John Burns: Q and A - Private Military Contractors - Reading through all the responses we’ve had in the past week on the issue of private contractors, few words have recurred as often as “mercenaries”; I’ve counted at least 26 separate occasions when it’s cropped up in the 80 comments and questions we’ve posted, and I may have missed some. And I must say that I agree with Paco the Reader about the power of a single loaded word to hijack the argument; the avoidance of pejoratives, at least in reporting, is a principle that editors at the Times guard with some alacrity, and it is as well that they do. On the other hand, I often felt that the use of the word “private contractors” in our coverage of the wars, and that of other American newspapers, obscured as much as it revealed. Better, I thought, to use words that described more exactly what the people involved were doing , even if it involved more words. (READ MORE)

Curmudgeon: An Unlikely Army Chaplain: Like you mean it! - The Army supposedly has a rule that someone who's been deployed Down Range for a year can't be compelled to take an APFT (Army Physical Fitness Test) for at least ninety days thereafter. Sounds reasonable to me. While I was Down Range, the OPTEMPO (operations tempo) was such that I was often busy all day, for many days in a row. That made getting to the gym on a regular basis at a regular time pretty difficult. If not down-right impossible. I took an APFT while I was deployed, in late November. By that time it was cooler during the early morning than it had been for most of the time I'd been over there. (In other words, it didn't reach 100 degrees Fahrenheit until after the sun had come up, rather than remaining over 100 all night long.) (READ MORE)

Family Matters Blog: Teen Shares Deployment Experience - Yesterday, I wrote about military children and the profound admiration I have for their strength and resilience. In response, a Marine officer contacted me to share a letter his teenage daughter, Meagan, wrote shortly after he had returned from a deployment in support of Operation Iraqi Freedom. The letter describes how she and her family coped with the long separation. The major and his wife found the letter on the Internet last year. He wrote that the letter is something they “will always cherish,” particularly because their daughter passed away in 2006. I was touched by this family’s story and impressed by the maturity and wisdom Meagan displayed in her letter. Meagan’s letter: (READ MORE)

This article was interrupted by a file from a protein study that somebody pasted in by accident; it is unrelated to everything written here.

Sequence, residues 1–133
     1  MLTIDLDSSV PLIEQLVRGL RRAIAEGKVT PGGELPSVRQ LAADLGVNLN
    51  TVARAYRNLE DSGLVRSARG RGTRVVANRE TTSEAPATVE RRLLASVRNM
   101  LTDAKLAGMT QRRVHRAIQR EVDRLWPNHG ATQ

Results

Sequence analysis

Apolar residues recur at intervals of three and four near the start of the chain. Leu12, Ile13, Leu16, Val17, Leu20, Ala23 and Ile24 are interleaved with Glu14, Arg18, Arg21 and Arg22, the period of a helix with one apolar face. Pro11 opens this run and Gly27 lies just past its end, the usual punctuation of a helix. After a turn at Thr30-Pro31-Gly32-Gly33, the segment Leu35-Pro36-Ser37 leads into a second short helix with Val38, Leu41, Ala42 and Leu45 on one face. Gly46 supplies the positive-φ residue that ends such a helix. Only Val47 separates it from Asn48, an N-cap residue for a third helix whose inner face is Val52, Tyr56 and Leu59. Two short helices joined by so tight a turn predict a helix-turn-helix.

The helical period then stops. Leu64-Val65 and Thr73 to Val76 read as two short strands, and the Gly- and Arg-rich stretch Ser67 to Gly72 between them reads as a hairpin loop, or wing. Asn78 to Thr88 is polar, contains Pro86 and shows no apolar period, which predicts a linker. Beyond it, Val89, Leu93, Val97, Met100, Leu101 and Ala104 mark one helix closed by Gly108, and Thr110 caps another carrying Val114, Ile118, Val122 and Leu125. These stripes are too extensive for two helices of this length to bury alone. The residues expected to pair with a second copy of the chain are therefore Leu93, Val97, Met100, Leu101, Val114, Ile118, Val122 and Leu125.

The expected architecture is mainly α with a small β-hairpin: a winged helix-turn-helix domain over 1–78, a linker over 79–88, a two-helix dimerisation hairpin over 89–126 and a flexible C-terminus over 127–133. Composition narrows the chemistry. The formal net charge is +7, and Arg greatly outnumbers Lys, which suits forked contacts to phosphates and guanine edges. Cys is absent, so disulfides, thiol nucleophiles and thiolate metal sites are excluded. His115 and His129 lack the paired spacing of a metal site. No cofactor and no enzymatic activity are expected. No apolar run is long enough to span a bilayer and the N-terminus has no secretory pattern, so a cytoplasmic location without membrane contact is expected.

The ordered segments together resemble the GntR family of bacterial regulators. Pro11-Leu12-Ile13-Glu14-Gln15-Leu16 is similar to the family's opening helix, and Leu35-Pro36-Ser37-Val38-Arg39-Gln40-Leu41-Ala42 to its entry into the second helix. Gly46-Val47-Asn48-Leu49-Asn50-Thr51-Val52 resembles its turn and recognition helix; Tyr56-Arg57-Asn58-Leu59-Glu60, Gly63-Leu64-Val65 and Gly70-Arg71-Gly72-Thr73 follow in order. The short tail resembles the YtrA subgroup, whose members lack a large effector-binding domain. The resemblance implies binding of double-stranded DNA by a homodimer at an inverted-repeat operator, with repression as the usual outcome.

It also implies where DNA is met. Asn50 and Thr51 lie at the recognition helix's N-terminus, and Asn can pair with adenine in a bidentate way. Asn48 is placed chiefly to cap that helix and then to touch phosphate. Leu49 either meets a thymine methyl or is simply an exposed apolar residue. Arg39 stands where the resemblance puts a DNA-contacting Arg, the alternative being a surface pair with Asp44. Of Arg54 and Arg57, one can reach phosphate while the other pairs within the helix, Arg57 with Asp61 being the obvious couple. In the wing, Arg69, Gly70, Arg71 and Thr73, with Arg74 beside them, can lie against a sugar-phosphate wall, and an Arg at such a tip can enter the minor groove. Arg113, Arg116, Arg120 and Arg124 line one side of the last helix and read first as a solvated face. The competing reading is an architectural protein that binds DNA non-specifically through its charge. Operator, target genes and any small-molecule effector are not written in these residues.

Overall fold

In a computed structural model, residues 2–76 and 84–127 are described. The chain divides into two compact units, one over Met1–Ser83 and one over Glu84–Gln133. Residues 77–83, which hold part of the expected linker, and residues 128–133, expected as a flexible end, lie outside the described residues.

Helmand Blog - Afghanistan: Afghan troop reduction 'by 2014' - The head of the British Army, General Sir David Richards, says it will be "about 2014" before UK troops numbers in Afghanistan reduce. He told the BBC's Caroline Wyatt the war in Afghanistan was "a war very much worth fighting for". He said the army's equipment "is as good as it possibly can be and we continue to address that all the time". Gen Richards replaced Gen Sir Richard Dannatt as Chief of the General Staff in August. Gen Richards was speaking on the day Royal British Legion launched its 2009 Poppy Appeal. This year's appeal is focusing on supporting troops wounded in Afghanistan and their families. He said the armed forces in Afghanistan were currently in "a period of risk" where there were not enough troops to perform the required tasks. (READ MORE)

Helmand Blog - Afghanistan: British Army heroes dicing with death in Afghanistan - It's all too easy to think of Afghanistan as being another world – a place that only exists in news reports and in the epic pictures of war photographers. But it all comes to life when the phone rings on my desk, and a satellite call comes through from Camp Bastion. At the other end of the remarkably clear line is Captain Andy Edwards of the 33 Engineer Regiment. He is a long way from his Brislington home. The 29-year-old, who has recently trained as an explosive ordnance disposal officer, is in the British Army's Helmand province headquarters, awaiting the time in a couple of months when he will complete his training duties and head out into the heart of the conflict. Andy, who has been in Afghanistan for just over a week, will soon be joined by a new wave of soldiers, as Gordon Brown has announced plans to increase British troop numbers in the troubled country by an extra 500 – bringing the total number of British soldiers serving in the region to 9,500. (READ MORE)